Located between the Arctic and Atlantic oceans, Greenland is the largest island globally but has the lowest population density. Made up of two ecoregions, Kalaallit Nunaat high and low artic Tundra, it’s home to some wild landscapes of icebergs, mountains, rivers and spectacular fjords. Its clean air, crystal clear waters, and unspoilt ecosystem is unlike anywhere on earth.
Home to over 260 species of fish from over 80 different families, the waters in and around Greenland are rich and diverse; almost all are marine, with only a few in freshwater, notably the Atlantic Salmon and Arctic Char. It’s the Arctic Char that grabs the angler’s attention and attracts thousands of travelling fly fishermen year after year.
Millions of sea-run Arctic Char migrate around the start of June, and many of Greenland’s rivers are teeming with this beautiful, hard fighting fish. On the west coast around Sisimiut, Maniitsoq, and Kangerlussuaq, there are dozens on rivers teeming with Char. The hidden gem amongst all of these is the Kaniga River, with its cut-banks, rapids, slow and deep stretches, waterfalls, and its tidally influenced delta; it’s perfect for fly fishing.
The Kangia is widely known for its huge run of fish, and unlike other rivers in the region, its fantastic average size. The Char weigh in at over 2kg on average, and fish to 3-4kg are not uncommon.
A fly fishing dream in stunning scenery where you can cast a line in crystal clear streams that are full of fresh, aggressive Arctic Char. Kangia River is a river truly made for fly anglers, with cut-banks, rapids, slow and deep stretches, waterfalls, and pocket-water all the way down to the tidally influenced delta.
Average Customer Satisfaction Score 81%
"Thoroughly enjoyable week, as I group I think we landed somewhere in the region of 120 to 150 fish. It was some first-class fly fishing in crystal clear water. The guides and staff were exceptional and I'd love to go back."
"In general a good trip snow melt meant that the fish are running about 3 weeks late as a group we caught 120 fish, good numbers but nothing like normal. Would love to go back next season may be 1 week later."
"Great Holiday and excellent guides. The holiday information I feel was limited and travel itinerary and documentation could have been better and arrived earlier. There was no mention of how much walking was involved and fitness levels required."
The Kangia River Lodge is located on a plateau at the majestic river’s delta and comes with a spectacular view overlooking the sea pool and sheltered bay where the river meets the Atlantic ocean.
The main Lodge can accommodate up to 12 anglers at once. The Sleeping quarters offer a bunk bed system with a total of 6 rooms with two people sharing each room. It features two toilets, showers, a fully equipped kitchen, a brand new bar and lounge area, and a spacious dining area overlooking the river.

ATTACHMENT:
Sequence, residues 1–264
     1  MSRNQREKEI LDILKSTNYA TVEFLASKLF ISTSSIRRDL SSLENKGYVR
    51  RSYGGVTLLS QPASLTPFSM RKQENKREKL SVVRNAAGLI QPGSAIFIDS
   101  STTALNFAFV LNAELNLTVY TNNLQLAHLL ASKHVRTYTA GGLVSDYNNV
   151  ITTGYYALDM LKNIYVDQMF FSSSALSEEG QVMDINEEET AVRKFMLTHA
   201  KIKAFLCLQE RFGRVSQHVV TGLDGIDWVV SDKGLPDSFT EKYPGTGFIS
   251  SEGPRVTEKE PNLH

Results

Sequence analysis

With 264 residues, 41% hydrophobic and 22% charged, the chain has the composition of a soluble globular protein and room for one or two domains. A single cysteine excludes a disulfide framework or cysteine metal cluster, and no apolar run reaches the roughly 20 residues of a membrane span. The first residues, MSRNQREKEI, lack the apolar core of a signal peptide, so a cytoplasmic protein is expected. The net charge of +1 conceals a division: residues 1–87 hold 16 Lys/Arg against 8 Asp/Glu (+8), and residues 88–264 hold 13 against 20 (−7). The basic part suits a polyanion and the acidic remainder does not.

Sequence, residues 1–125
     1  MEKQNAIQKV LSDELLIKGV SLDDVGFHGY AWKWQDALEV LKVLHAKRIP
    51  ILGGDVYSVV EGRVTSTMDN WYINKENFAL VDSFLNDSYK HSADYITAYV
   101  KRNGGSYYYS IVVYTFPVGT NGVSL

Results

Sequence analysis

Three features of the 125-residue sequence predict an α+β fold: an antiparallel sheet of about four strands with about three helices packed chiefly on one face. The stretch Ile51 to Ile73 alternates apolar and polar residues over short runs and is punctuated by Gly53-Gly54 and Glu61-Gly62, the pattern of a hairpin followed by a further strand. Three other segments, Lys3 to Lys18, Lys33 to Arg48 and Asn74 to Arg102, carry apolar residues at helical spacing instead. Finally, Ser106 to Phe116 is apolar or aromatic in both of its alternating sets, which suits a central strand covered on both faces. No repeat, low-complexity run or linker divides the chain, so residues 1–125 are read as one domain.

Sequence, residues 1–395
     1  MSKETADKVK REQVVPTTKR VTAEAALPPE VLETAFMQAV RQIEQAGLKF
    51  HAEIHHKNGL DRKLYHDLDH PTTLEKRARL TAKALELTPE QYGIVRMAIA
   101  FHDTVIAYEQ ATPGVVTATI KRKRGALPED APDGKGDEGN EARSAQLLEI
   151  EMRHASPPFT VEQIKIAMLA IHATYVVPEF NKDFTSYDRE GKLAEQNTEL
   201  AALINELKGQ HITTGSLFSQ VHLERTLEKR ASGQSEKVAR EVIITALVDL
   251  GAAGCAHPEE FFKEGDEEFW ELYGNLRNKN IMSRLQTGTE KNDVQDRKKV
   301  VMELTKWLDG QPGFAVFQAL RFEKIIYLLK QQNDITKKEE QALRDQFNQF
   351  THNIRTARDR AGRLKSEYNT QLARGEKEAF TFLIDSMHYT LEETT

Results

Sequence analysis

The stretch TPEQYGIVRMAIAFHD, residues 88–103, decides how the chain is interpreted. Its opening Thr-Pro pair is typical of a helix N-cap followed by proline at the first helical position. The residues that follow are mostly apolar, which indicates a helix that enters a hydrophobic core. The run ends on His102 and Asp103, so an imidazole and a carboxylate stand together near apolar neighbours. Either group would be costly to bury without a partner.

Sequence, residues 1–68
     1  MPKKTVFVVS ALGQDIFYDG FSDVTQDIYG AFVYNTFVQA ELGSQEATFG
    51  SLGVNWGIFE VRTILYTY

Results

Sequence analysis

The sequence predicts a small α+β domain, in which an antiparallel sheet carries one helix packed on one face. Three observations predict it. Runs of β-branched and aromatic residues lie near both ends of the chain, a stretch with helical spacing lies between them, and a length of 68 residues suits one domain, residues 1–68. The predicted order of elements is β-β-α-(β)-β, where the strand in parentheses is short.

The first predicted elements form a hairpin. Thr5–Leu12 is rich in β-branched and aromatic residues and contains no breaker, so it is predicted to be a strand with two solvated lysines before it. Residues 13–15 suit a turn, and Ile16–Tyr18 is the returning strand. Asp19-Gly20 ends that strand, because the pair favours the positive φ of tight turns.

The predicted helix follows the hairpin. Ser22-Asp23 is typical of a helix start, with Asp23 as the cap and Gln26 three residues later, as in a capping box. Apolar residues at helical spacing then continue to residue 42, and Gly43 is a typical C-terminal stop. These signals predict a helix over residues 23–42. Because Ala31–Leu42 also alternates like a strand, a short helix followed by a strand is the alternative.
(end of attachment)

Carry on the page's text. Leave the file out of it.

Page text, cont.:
The Lodge comes with a big veranda where you can catch every minute of the sun during the day. The front part overlooks the river mouth and valley and the perfect place to enjoy an after-fishing drink and share some good stories about the one that got away.
As well as the main Lodge, there is a smaller satellite camp located 2,7 km upriver. This is the perfect starting point for those wanting to fish in the mid and upper sections and can be used as a base to leave waders and fishing gear, allowing for a tranquil walk from the main Lodge.
The Arctic Char fishing in Greenland is possibly the best on the planet, and the Kangia Fjord and its rivers and creeks are an exception for the region, both for numbers and average size.
It’s not unusual in many peak weeks to catch between 2,000 and 3,000 fish between the 12 rods, and anglers can expect around 150 fish each.
They average over 2kg in weight, but 3-4kg fish are standard too. Each year larger fish of over 7kg are caught, and even larger specimens get regularly hooked and lost.
The summer is the season of the midnight sun and is a great time to experience Greenland.
In the summer months, from June onwards, the climate is generally mild, and the weather settled. The longer days and warmer weather herald the start of the sea-run Arctic Char’s reproduction cycle, who then migrate along the coastline and ultimately into the river of their birth to spawn close to the place they hatched years ago. These migratory fish fill the rivers and offer fly fishermen a fantastic chance to catch them.
Our fishing operation opens its gates on the second weekend of July and runs through the first week of September. The short but intense season guarantees the best possible results.
The tackle you will need for fly fishing in Greenland is mainly single-handed rods with a rating between five and seven weight, rigged with floating lines to match. Additional sink tip lines in similar sizes will see you covered for all imaginable occasions and sections of the Kangia River.
The Lodge has a basic range of fishing tackle available to support customers if any luggage gets lost or damaged.
Fly Fishing in Greenland can be hectic, and fishing all day and catching so many fish can take its toll on your energy. Our advice is to take it at a pace you feel comfortable with; the fish are always there in front of you, and there is no rush. The same comments apply to walking to the best spot or pool.
The best way to get to Greenland when travelling from the UK is to fly to Copenhagen, stay overnight before flying the next day to Kangerlussuaq. From Kangerlussuaq, you can then fly to Maniitsoq; it’s here where you’ll catch a boat and travel the rest of the way to the Kaniga River Lodge.